Andy Warhol kept much of the ephemera of his daily life in boxes called <em>Time</em> <em>Capsules</em>, now at the Andy Warhol Museum in Pittsburgh.<em> </em>This correspondence addressed to Warhol at his studio, The Factory, comes from Time Capsule 10.
Credit Lauren Ober / NPR
Time Capsule 10 contained receipts, canceled checks, letters and other paper material that Andy Warhol saved from 1967 to 1969.
Credit Lauren Ober / NPR
Cataloger Marie Elia explains some of the contents of Time Capsule 10 to a visitor at the Andy Warhol Museum in Pittsburgh.
Marie Elia likes to describe her job this way: She is the secretary to a dead man. As one of two catalogers for Andy Warhol's Time Capsules, it's her job to go through the 610 boxes he left after his death in 1987.
In one box she found a mysterious, small tin. "I opened it and it was full of fingernail clippings, dead bees and those little holes that come from a hole punch," she says. The fingernail clippings weren't Warhol's. They were sent to him by a fan. "I don't know why. Somebody mailed that to him. Somebody thought that he would like it."
Originally published on Fri November 1, 2013 6:04 pm
The Affordable Care Act's early travails are yielding some lessons for future presidents and lawmakers. Here are three:
1) Presidents can't be too careful about making high-profile promises. President Obama dented his credibility significantly by repeatedly promising that the Affordable Care Act would allow Americans with insurance they liked to keep those policies.
Now, on to our final game, Lightning Fill In The Blank. Each of our players will have 60 seconds in which to answer as many fill in the blank questions as he or she can, each correct answer now worth two points. Carl, can you give us the scores?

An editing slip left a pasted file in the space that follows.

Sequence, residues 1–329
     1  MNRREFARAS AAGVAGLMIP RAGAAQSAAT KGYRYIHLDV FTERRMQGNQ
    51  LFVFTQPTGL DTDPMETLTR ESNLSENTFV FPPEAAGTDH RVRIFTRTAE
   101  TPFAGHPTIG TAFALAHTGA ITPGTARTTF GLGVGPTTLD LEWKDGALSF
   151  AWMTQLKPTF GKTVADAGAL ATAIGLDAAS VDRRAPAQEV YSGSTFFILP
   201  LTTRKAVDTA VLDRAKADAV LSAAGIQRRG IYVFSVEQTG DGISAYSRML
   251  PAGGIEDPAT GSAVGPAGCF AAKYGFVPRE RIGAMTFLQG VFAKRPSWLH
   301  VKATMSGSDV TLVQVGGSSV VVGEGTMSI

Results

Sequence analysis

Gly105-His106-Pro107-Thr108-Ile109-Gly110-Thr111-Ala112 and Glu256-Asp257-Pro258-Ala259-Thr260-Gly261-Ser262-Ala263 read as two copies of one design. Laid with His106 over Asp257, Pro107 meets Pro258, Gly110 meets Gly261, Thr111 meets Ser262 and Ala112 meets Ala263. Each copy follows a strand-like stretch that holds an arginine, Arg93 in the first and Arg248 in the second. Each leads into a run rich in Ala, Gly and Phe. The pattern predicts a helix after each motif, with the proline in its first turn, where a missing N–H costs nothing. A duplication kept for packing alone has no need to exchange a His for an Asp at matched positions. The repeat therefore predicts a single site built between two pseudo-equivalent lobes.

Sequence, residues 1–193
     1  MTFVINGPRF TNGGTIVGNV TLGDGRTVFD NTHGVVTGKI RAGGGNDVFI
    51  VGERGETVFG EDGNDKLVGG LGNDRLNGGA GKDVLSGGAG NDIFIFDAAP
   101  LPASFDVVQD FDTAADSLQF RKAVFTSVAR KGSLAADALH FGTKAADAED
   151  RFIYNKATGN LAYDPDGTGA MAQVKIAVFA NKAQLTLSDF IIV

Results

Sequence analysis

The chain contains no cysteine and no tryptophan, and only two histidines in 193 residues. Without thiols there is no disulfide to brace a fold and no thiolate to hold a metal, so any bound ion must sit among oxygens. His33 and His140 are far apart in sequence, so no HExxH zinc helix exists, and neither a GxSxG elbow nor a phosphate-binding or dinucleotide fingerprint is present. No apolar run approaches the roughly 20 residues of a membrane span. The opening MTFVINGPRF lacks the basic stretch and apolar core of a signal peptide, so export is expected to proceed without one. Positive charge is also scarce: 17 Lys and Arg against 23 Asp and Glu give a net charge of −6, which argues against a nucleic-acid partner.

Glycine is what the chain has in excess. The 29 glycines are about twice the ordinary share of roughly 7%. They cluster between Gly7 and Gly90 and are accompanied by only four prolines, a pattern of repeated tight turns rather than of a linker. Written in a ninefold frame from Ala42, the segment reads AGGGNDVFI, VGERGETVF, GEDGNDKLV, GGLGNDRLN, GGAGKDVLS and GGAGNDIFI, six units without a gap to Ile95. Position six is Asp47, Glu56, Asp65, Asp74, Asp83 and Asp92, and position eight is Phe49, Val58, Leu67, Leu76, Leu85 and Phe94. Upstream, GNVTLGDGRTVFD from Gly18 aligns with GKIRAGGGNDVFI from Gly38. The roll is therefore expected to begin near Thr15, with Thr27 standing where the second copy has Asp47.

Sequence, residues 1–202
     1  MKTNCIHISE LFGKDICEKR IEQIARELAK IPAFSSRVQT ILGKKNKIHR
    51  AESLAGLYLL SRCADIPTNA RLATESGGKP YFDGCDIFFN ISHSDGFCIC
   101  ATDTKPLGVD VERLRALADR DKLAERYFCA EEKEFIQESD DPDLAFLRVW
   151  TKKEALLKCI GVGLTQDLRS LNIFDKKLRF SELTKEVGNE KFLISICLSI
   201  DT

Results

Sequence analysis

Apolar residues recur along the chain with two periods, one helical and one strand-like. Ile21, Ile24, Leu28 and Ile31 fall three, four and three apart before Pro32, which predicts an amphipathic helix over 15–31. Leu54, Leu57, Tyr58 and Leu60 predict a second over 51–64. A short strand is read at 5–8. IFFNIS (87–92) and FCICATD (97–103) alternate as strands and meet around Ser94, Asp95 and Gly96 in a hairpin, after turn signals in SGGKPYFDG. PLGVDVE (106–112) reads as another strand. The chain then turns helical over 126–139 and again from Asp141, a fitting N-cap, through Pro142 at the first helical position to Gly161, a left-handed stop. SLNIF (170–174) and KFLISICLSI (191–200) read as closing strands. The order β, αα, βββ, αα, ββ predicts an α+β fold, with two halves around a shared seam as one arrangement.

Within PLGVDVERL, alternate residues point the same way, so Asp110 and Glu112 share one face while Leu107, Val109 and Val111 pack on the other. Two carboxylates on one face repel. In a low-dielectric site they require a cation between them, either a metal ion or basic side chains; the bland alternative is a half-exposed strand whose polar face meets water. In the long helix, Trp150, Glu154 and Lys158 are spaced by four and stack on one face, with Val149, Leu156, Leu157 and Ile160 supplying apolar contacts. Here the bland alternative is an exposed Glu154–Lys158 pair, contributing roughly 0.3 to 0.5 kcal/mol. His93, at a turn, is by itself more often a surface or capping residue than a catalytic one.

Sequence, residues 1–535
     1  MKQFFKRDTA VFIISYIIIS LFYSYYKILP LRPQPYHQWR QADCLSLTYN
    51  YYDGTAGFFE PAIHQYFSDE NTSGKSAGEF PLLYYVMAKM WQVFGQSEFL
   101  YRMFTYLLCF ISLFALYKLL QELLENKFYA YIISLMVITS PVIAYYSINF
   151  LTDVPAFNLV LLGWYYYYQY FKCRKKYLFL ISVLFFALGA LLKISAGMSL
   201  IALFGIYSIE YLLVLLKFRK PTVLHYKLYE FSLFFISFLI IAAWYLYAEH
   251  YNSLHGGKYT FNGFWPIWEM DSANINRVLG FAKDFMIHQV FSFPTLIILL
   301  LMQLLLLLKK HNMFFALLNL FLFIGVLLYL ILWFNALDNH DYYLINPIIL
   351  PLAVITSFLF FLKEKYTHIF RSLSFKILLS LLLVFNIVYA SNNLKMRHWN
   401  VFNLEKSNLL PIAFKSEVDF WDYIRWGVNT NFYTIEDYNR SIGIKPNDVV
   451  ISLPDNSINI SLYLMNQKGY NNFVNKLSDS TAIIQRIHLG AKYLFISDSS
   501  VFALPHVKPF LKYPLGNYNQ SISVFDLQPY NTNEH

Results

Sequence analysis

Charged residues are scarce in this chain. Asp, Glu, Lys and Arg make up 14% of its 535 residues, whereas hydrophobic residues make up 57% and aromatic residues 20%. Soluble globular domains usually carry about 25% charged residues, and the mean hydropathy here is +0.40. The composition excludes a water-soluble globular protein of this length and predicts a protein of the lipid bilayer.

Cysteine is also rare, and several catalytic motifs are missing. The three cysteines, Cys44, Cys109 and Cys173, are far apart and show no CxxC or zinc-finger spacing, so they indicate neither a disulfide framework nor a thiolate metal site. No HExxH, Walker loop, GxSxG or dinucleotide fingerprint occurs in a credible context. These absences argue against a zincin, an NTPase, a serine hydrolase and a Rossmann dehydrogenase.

CARL KASELL: Faith Salie has the lead, Peter. She has four points. Tom Bodett and Paula Poundstone are tied for second. They both have two points.
Sports marketing and management firm Fantex has reached a deal with San Francisco 49ers tight end Vernon Davis for an initial public stock offering. Fantex is paying Davis $4 million for the rights to 10 percent of his earnings, and the company is also creating a tracking stock linked specifically to the football player's economic performance. Davis is the second player to try this arrangement with Fantex. Sportswriter Fatsis joins Robert Siegel to explain how this is all supposed to work — and why he's dubious.
And now the latest twist in the ongoing NSA story, this time in the form of a coffee mug. A satirical artist, Dan McCall, makes a living off creating political parodies and selling them on mugs and T-shirts and bumper stickers. And in response to the revelations of leaker Edward Snowden, McCall decided to put the NSA seal to good use with a few tweaks.
DAN MCCALL: I put peeping while you're sleeping on the logo, which is sort of an homage to a Snoopy Doggy Dogg song, which I thought was kind of funny.